> On Feb 12, 2018, at 12:59 PM, Zachary Turner <ztur...@google.com> wrote:
> On Mon, Feb 12, 2018 at 12:52 PM Jason Molenda <jmole...@apple.com> wrote:
>> > On Feb 12, 2018, at 12:48 PM, Zachary Turner via Phabricator
>> > <revi...@reviews.llvm.org> wrote:
>> > zturner added a comment.
>> > In https://reviews.llvm.org/D43048#1005513, @jasonmolenda wrote:
>> > I don't think we'd necessarily need a live register context or stack
>> > memory. A mock register context and stack memory should be sufficient,
>> > with an emulator that understands only a handful of instructions.
>> That's ... exactly what I said? That we need to mock up memory and
>> registers and symbols, or have a corefile and binary, or have hand written
>> assembly routines that set up a particular stack and an SB API test that
>> tries to backtrace out of it with a live process. After the inferior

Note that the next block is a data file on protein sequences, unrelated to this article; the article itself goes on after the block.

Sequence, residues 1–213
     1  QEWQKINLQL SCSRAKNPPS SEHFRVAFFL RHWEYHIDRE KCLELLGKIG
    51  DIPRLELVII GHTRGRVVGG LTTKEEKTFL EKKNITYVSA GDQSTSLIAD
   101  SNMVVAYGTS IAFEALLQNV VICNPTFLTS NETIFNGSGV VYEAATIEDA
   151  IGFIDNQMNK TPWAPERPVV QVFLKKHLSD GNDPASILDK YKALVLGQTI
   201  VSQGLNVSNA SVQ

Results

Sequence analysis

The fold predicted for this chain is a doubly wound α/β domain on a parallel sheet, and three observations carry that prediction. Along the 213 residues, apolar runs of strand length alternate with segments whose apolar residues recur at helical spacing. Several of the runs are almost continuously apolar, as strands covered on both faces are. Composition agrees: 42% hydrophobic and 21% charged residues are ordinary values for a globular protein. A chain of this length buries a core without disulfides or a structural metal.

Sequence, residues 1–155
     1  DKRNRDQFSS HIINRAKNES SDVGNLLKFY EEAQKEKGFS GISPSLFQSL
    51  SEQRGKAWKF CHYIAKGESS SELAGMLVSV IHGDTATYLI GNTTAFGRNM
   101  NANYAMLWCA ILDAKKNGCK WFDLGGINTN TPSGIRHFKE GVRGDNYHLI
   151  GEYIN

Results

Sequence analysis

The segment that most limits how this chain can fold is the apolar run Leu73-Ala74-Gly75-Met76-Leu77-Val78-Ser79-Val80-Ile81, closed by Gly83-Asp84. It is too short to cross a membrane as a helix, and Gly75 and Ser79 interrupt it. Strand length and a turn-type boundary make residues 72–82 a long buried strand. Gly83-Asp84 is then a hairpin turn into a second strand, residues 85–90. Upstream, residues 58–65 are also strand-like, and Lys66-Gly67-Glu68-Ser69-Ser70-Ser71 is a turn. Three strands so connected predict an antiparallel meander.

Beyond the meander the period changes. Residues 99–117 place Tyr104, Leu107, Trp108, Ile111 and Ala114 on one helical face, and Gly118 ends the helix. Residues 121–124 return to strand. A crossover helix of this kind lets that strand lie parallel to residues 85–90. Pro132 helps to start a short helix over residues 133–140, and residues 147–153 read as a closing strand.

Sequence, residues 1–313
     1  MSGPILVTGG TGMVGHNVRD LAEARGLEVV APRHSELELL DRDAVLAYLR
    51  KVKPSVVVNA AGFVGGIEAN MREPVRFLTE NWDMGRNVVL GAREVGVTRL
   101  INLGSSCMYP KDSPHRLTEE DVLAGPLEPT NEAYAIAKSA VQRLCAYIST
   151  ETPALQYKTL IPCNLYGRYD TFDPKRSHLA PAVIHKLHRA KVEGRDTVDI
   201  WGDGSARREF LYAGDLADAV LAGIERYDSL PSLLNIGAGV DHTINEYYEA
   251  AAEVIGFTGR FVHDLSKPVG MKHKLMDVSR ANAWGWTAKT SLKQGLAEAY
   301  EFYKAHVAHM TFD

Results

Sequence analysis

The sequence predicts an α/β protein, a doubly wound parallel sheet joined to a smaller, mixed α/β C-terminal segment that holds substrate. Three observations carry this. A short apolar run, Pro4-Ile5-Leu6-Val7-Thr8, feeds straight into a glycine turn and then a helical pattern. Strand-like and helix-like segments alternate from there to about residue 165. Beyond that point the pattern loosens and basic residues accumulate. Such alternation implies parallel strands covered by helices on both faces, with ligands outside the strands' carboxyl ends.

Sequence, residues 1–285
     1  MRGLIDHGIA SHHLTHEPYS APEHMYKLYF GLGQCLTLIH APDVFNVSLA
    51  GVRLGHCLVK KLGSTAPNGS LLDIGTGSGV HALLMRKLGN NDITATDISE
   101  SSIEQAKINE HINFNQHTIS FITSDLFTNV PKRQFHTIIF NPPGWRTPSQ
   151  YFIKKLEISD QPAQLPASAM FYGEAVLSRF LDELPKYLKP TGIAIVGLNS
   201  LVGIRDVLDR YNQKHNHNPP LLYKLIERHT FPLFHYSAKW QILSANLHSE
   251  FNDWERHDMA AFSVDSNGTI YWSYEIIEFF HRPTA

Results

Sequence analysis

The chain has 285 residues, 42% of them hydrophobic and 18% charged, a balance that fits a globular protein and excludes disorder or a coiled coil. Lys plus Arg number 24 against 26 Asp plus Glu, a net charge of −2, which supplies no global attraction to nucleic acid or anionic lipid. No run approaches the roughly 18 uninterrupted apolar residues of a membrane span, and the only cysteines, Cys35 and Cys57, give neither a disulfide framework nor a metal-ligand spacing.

>> process state has been constructed/reconstituted, is the unwinder capable of
>> walking the stack or finding spilled registers by following the correct
>> UnwindPlans. This is right in the wheelhouse of SB API testing.
> I'm saying we shouldn't need a live process (and in fact we can test it
> better if we don't rely on a live process, since we can write tests that run
Yes, as we've all agreed many times for years, a ProcessMock style Process
plugin which can fake up state from a yaml file would be a great addition --
and for the unwind tests, we need a way to provide symbolic information and
possibly even eh_frame information from the "binaries", and maybe even a way to
construct the yaml representation from an actual debug session. No one is
disagreeing with this.
But the fact that no one has had time to develop this plugin means that if I
want to write an unwind test today, I either need to allocate time to write the
above infrastructure first, or write the test given the tools we have available
to us today.
An unwind test that only runs on x86_64, or even only runs on x86_64 Darwin, is
not ideal, but it is much better than no test at all especially in the world of
buildbots that can flag a problem with a change right away.
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